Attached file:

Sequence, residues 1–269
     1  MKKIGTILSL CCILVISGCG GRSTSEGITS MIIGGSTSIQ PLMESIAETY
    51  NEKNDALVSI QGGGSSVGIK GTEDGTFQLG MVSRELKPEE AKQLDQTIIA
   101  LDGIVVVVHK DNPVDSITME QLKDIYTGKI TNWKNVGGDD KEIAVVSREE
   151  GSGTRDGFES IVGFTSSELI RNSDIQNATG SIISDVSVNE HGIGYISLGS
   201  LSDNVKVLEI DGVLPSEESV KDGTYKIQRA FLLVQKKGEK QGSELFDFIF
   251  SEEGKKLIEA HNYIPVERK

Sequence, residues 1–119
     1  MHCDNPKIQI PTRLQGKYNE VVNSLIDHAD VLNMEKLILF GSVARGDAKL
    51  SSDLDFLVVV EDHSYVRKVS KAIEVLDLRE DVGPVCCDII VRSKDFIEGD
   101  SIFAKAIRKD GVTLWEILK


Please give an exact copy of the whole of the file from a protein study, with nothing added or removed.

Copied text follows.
Sequence, residues 1–269
     1  MKKIGTILSL CCILVISGCG GRSTSEGITS MIIGGSTSIQ PLMESIAETY
    51  NEKNDALVSI QGGGSSVGIK GTEDGTFQLG MVSRELKPEE AKQLDQTIIA
   101  LDGIVVVVHK DNPVDSITME QLKDIYTGKI TNWKNVGGDD KEIAVVSREE
   151  GSGTRDGFES IVGFTSSELI RNSDIQNATG SIISDVSVNE HGIGYISLGS
   201  LSDNVKVLEI DGVLPSEESV KDGTYKIQRA FLLVQKKGEK QGSELFDFIF
   251  SEEGKKLIEA HNYIPVERK

Sequence, residues 1–119
     1  MHCDNPKIQI PTRLQGKYNE VVNSLIDHAD VLNMEKLILF GSVARGDAKL
    51  SSDLDFLVVV EDHSYVRKVS KAIEVLDLRE DVGPVCCDII VRSKDFIEGD
   101  SIFAKAIRKD GVTLWEILK